This Sunday we light the Second Advent candle, that of peace. And peace is always contextual, isn’t it? The stolid German household of my youth contrasted with my friend’s effusive Italian home. “Why do you all shout at each other?” I once asked him. “What? We are not shouting.”
In contrast to the peace we seek, the peace that passes all understanding, the peace of Christ, our surrounding culture has opted for the right to be outraged as a signature emotion of today. Doug McPheters shared a fine article on this from the WSJ by Lance Morrow, formerly of Time.
“A healthy society reserves its outrage for special occasions: Pearl Harbor, say, or the church bombing in Birmingham, Alabama that killed four girls. But in the 21st century, special occasions –like mass shootings and other random eruptions of the id—occur regularly. They have turned outrage into a ragged, all-purpose national reflex, with the side effects of disgust and despair.”
And we can’t say, “Well, if it wasn’t only for those people…” because both the left and the right practice the same lack of proportionality. Prevailing tribalisms render discussion and dialogue into shooting from the hip. Then the rise of social media makes outrage profitable because the spectacle of an endless public brawl attracts people. That is, it attracts first, before it repels us.
Morrow helpfully writes, “Cable news draws pictures in crayons, in bold primary colors that turn politics into cartoons….Outrage is reductive, easy to understand. It is an idiom of childhood –a throwback even to the terrible twos.” We get angry because life isn’t simple. Oh, my, really?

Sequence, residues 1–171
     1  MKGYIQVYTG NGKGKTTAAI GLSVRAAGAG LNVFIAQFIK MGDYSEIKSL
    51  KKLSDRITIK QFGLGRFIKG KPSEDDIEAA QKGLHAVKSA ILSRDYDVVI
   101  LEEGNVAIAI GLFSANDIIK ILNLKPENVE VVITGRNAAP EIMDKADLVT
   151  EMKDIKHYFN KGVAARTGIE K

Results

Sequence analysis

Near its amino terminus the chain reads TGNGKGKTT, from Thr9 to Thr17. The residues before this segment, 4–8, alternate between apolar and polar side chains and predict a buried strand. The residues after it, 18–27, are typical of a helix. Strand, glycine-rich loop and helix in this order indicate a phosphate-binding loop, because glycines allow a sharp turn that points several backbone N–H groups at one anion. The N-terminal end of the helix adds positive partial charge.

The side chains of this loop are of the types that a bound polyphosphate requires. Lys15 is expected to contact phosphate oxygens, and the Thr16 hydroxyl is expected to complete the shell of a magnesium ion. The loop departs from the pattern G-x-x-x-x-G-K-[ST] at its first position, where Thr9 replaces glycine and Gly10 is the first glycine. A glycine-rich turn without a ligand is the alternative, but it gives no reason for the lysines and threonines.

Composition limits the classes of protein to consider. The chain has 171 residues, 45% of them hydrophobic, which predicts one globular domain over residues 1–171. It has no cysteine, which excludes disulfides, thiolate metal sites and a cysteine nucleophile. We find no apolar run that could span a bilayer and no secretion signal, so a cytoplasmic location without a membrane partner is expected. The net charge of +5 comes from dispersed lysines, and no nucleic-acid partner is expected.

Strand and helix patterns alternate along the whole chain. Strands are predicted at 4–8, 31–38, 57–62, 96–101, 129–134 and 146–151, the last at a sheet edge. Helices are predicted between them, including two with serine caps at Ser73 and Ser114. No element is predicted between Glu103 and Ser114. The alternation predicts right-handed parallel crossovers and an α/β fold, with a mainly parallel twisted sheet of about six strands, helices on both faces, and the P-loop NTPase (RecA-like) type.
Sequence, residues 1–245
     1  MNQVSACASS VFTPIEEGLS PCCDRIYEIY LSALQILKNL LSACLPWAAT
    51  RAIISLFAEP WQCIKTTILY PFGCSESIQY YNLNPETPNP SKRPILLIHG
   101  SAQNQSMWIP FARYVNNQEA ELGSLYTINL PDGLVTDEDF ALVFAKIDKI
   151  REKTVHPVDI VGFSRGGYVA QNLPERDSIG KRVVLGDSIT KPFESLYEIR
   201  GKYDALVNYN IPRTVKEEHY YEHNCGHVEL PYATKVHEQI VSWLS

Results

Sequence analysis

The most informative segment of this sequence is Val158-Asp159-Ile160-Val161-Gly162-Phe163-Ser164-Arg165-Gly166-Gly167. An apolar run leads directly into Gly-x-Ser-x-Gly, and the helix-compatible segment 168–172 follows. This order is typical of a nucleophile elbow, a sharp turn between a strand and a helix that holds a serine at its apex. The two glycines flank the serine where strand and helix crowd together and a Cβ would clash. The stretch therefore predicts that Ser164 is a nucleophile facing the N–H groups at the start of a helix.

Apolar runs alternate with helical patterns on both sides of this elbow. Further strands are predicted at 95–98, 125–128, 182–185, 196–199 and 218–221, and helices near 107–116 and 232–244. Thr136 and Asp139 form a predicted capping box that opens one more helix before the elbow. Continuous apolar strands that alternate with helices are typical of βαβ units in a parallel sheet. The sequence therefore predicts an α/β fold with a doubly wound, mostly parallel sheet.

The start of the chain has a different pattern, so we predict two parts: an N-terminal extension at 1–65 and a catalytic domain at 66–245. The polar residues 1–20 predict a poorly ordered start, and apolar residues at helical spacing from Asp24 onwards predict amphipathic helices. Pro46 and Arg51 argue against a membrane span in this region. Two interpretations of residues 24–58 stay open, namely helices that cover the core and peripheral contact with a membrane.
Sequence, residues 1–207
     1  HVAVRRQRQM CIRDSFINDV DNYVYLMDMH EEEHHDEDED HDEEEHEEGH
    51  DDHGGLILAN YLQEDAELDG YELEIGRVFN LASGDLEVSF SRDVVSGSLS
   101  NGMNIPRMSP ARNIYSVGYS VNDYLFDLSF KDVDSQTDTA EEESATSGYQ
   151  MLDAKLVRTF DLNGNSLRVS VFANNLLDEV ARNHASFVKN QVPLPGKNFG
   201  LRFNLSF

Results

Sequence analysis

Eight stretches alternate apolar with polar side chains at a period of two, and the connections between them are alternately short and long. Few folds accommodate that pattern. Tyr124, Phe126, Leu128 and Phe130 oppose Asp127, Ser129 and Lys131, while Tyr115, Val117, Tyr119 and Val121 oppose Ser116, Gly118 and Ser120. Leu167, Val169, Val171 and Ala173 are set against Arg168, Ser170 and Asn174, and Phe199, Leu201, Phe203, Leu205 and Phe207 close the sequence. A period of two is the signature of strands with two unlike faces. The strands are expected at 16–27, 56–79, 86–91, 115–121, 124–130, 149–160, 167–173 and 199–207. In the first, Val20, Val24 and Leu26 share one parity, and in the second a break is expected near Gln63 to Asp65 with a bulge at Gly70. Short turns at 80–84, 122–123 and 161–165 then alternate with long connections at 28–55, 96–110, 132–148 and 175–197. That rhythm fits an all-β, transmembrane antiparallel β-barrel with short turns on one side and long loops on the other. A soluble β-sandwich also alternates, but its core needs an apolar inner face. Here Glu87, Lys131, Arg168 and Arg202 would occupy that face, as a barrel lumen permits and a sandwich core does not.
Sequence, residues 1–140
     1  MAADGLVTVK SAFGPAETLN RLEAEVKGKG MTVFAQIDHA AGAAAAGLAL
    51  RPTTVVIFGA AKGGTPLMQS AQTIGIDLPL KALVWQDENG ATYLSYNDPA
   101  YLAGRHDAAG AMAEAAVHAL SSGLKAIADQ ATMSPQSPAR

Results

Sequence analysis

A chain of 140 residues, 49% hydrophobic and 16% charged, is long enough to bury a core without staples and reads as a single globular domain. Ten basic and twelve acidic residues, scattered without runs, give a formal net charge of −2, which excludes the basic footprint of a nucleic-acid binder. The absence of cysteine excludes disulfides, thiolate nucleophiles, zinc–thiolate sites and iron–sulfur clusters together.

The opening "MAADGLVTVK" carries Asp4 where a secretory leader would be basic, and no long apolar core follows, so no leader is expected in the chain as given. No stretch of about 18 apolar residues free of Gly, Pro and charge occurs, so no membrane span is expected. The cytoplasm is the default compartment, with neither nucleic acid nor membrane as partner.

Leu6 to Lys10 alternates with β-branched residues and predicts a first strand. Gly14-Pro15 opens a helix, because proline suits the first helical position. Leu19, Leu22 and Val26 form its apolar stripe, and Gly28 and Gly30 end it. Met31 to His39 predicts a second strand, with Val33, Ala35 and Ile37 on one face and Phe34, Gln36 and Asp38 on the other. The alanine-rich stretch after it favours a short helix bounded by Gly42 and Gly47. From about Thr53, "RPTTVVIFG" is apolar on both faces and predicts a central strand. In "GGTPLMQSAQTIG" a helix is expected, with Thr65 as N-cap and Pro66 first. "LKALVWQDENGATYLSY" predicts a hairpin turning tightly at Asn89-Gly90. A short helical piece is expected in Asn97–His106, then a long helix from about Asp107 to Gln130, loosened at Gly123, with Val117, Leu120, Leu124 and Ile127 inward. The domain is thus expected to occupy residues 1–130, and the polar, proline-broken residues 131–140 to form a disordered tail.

The older I get, the more I reserve outrage and anger for the rarest occasions. This despite me persuading myself my being mad is “righteous indignation” and “they have it coming.” We can feast on anger, and more of us do so over less than I can recall at any point in my lifetime. But the more we feast on anger’s satisfactions, the more likely we become a skeleton at that feast.
Angry white men, feeling like victims, elect angry political leaders to vent on their behalf rather than creating policy or teaching virtues like public service. Angry women react to the unshaven degrading beastliness that is Harvey Weinstein and all men are suspected of “toxic masculinity.”
I like this: “Outrage seems strenuous, but in truth it is a lazy habit—fatuous, spontaneous, and naïve. Organizing a lynch mob is easier–with a sure, immediate and dramatic reward—than holding a fair trial…Outrage presents itself as an assertion of conscience but in practice it mostly bypasses conscience and judgment, going straight to self-righteous rage, by way of self-pity.”
It can feel like society is exhausting itself, wasting its passion on tantrums. We hope to offer an alternative at church. Not that we never get mad. We do sometimes. But we have also bypassed the chance to get and stay angry over recent events. That is what I mean when I tell others about the dignity I see in you. It first attracted me here and keeps me here today: the church practicing a disciplined peace. We reserve outrage for when it is appropriate. We’ll test that appropriate moment by remaining accountable to each other to discern it together as one.